Pakistan could release any players under investigation for alleged corruption from their squad for the one-day series against England, a source in the team told Reuters.
The source, who declined to be identified, said Pakistan Cricket Board chairman Ijaz Butt, manager Yawar Saeed and one-day captain Shahid Afridi are scheduled to meet in London on Monday.
Yawar told Sky News on Sunday that police had confiscated the mobile phones of Test captain Salman Butt and fast bowlers Mohammad Amir and Mohammad Asif.
The trio and wicketkeeper Kamran Akmal were questioned by police at the team's hotel in London following a report in a Sunday newspaper that players had been bribed to fix incidents during the fourth Test against England.
The allegations centre on three no-balls from Amir and Asif which The News of the World newspaper said had been bowled by pre-arrangement.
"The meeting on Monday is important because obviously some players in the squad who are not under investigation are feeling uncomfortable with the whole situation leading up to the one-day series," the source said.
"The prospect of releasing the players who are under investigation from the one-day squad and replacing them is under consideration and will be discussed at the meeting."
The source said the PCB and the team management were also concerned about the mental state of the players under investigation.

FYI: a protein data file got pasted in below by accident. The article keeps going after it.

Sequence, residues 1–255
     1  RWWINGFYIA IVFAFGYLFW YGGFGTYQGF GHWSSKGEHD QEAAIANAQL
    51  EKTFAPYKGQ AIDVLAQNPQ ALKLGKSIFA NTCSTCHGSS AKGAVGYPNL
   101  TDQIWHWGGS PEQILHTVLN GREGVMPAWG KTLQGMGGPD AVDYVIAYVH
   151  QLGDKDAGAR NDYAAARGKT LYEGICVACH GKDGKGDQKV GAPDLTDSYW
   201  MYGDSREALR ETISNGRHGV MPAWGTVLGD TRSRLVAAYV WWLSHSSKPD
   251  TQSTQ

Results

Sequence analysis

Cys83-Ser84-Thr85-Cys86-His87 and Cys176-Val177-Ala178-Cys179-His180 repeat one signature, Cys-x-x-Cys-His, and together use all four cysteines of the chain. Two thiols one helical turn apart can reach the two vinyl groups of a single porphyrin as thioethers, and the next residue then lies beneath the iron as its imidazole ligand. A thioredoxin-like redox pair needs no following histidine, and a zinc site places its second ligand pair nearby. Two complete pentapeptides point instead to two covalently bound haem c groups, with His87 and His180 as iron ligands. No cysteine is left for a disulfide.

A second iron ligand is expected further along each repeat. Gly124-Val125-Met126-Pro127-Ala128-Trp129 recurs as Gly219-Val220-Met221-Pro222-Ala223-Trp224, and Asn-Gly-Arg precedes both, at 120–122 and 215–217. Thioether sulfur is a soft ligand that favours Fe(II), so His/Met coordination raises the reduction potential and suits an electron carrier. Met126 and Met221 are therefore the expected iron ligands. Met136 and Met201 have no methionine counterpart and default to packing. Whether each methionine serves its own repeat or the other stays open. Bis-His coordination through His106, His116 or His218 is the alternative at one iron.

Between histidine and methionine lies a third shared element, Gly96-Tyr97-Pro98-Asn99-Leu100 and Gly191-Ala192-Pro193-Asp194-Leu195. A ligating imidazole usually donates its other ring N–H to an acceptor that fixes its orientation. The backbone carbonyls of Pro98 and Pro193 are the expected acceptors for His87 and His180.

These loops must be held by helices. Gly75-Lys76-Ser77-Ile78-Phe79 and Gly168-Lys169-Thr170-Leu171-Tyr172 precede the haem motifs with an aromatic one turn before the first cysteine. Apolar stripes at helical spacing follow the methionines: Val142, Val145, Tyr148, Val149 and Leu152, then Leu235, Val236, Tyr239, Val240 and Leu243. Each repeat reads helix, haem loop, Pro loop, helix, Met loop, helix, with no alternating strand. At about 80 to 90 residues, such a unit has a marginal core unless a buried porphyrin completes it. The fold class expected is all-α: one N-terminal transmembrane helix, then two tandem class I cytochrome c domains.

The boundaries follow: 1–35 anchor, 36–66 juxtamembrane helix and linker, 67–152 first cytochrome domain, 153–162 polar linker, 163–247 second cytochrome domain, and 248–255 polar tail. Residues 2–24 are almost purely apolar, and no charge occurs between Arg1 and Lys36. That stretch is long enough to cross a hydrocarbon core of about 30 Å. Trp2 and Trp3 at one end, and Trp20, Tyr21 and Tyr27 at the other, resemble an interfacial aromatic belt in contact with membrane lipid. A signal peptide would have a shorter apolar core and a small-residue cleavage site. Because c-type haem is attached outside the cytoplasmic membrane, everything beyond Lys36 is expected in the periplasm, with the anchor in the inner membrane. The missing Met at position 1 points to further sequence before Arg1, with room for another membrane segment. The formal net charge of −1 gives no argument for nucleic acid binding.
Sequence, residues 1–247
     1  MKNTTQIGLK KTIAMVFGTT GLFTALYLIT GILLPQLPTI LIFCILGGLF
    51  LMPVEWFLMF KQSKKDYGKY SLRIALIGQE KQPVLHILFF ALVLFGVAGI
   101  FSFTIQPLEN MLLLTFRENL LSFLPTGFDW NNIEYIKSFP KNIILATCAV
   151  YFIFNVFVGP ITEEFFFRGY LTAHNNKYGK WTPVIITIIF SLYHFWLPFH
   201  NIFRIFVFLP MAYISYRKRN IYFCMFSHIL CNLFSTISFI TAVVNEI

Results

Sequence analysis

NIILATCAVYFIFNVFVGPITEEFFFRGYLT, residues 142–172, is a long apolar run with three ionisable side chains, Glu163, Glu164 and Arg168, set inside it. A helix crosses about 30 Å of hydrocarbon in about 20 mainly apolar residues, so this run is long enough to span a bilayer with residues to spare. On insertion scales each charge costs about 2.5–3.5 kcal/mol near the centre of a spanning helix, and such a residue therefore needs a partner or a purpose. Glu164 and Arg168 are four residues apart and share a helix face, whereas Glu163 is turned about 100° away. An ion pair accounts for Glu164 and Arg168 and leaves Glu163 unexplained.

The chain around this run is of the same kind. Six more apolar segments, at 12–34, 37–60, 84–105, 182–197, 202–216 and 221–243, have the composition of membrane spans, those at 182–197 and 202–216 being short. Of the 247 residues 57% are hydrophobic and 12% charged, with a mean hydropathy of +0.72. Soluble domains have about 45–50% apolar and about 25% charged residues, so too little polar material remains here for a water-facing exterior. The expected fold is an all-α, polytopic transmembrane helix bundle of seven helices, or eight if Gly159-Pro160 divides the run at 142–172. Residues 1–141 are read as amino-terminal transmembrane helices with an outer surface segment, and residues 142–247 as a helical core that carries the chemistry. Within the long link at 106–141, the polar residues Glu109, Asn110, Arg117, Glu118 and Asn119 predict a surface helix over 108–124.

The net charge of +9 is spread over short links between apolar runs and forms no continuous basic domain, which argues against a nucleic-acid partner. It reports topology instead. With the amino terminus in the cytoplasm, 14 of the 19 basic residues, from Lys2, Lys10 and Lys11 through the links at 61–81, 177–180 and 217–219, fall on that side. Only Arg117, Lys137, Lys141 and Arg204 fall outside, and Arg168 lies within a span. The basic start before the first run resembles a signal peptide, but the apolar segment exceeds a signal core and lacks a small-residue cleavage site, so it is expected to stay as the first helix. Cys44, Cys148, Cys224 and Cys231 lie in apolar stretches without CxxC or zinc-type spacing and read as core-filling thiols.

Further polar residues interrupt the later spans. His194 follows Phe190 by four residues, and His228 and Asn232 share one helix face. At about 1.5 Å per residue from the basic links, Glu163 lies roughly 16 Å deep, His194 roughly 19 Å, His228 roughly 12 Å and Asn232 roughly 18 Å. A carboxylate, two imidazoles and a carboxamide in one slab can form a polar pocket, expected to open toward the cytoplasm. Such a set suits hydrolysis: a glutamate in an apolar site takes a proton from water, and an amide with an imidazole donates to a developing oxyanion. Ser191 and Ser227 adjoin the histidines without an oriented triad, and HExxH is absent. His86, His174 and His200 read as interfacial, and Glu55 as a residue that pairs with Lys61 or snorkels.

Pakistan will play a practice match at Taunton in west England on Thursday and then face two Twenty20 matches and five one-day games against England starting in Cardiff on Sunday.
London metropolitan police have released on bail a man who was arrested on suspicion of conspiracy to defraud bookmakers following the newspaper report.
"Following information received from The News of the World on Saturday, the Metropolitan Police Service arrested a 35-year-old man on suspicion of conspiracy to defraud bookmakers. He has since been bailed to return on a date in the future," a spokesman said on Monday.
The newspaper report also cast doubt on the second Test between Pakistan and Australia in Sydney this year when Australia made a remarkable comeback to win by 36 runs after overcoming a 206-run first-innings deficit. Neither Butt or Yawar would comment on the allegations at a news conference after the Lord's test on Sunday.
"As a cricketer everything I have seen so far has been quite shocking to tell the truth," Australia captain Ricky Ponting told ABC radio on Monday. "The way we won (in Sydney) was one of the more satisfying moments that I've had on the cricket field.
"And now when some of these things come to light is when you start to slightly doubt some of the things that have happened.
International Cricket Council president Sharad Pawar pledged on Monday strong action if any player was found guilty of corruption.
"If, unfortunately, there is a truth (in the allegations) then ruthless actions will be taken," Pawar told a news conference in Mumbai.